Tri-Cities lawmakers battle over recently passed hands-free law

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JOHNSON CITY, Tenn. (WJHL) – Two Tri-Cities lawmakers are battling over the recently passed Hands-Free Tennessee Law.

The law made it illegal to use a mobile device without hands-free capabilities while driving.

Enacted on July 1, 2019, the Hands-Free Tennessee Act was championed by Tennessee House Rep. John Holsclaw (R – Elizabethton) who fought for the legislation since as early as 2014.

“There was a lot of work and effort put into this bill, and we feel it’s a good bill,” Holsclaw told News Channel 11 Wednesday.

PREVIOUS STORY: Tennessee hands-free bill advances

On Tuesday, Sen. Jon Lundberg (R – Bristol) filed legislation to repeal the hands-free law.

“I understood the rationale of why the Representative introduced it, but I think we’ve had six months to look at the ramifications and frankly doesn’t make our roads safer the way it is,” Lundberg said.

Sen. Lundberg told News Channel 11 that the law is actually encouraging distracted driving since people are actively attempting to hide the fact that they are still using mobile devices while driving.

“They talked about it’s a safety concern, and there are some safety concerns more with texting, rather than talking on the phone and I’ll give you an example, one thing that has happened over the past eight months, where before when we were going to talk on the phone, we would dial a number up here and make that phone call,” he explained. “Now what happens when someone is dialing a phone they hold it way down below their steering wheel, frankly near their knee, where you’re driving and dial that number so that frankly, other people aren’t going to see them. That actually creates a much more dangerous situation than before.”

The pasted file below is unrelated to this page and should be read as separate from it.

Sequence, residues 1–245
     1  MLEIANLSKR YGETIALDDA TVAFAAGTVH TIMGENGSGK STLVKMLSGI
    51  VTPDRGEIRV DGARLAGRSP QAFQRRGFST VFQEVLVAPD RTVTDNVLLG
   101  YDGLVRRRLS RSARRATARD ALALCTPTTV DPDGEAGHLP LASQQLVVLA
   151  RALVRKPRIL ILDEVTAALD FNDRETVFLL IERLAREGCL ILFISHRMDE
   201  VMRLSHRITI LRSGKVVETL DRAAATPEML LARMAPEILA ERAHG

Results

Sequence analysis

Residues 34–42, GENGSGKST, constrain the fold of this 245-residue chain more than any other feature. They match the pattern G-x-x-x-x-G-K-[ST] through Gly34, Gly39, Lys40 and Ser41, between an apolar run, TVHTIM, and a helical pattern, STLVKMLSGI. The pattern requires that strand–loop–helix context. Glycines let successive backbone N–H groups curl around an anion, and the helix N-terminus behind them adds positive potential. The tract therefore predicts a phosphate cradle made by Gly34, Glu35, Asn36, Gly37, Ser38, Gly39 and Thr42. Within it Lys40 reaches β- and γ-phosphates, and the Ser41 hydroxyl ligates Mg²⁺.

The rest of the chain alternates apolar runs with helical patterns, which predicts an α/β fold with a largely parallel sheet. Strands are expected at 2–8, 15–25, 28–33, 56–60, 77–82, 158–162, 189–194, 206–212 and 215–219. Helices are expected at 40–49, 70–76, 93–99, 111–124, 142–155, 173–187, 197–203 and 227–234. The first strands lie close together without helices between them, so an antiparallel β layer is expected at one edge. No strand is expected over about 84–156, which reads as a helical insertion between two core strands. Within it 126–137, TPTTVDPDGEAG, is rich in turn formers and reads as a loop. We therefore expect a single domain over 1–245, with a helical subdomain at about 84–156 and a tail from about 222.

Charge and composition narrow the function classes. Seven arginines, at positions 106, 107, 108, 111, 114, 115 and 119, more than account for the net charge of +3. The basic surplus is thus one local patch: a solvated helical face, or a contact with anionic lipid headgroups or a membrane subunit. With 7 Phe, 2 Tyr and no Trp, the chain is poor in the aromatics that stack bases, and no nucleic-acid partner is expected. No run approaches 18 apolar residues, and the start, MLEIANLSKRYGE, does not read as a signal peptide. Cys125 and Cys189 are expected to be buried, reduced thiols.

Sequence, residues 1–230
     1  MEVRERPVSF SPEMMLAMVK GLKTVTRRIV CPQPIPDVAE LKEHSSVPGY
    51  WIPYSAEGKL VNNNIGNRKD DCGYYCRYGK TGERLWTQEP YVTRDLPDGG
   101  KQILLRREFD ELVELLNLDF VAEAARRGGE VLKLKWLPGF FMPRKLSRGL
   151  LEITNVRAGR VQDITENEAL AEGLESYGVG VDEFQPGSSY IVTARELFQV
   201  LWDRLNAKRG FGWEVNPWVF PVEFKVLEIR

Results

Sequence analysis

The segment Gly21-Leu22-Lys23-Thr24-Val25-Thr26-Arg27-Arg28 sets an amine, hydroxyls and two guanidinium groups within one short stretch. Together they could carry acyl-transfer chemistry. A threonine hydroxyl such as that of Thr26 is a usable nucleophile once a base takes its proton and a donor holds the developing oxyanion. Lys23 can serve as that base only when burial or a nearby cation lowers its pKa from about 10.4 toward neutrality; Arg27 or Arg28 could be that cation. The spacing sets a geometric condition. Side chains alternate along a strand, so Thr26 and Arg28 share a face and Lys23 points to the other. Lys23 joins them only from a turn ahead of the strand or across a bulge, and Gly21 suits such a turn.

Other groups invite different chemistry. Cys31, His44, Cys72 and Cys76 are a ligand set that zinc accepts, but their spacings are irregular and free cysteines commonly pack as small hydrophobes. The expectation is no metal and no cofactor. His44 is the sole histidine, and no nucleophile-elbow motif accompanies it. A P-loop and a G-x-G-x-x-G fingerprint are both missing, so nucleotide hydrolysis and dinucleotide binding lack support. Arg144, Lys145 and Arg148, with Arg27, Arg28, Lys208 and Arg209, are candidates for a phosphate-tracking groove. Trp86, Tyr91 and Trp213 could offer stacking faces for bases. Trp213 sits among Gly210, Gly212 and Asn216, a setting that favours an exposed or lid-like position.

Sen. Lundberg explained that there are already “common sense statutes in the books,” regarding distracted driving that covers reckless, distracted driving and limits the use of mobile devices in school and construction zones.

Rep. Holsclaw said he will continue to fight for the legislation he has stood for since 2014.

“We’ll fight to continue to keep the roads safer and this bill in place, you know, it’s important to me and it’s important to our constituents to keep the roads safe, I mean it’s, it’s a no-brainer in my opinion,” he said.

In the coming weeks, the proposed bill is set to appear before the Transportation Subcommittee in Nashville.

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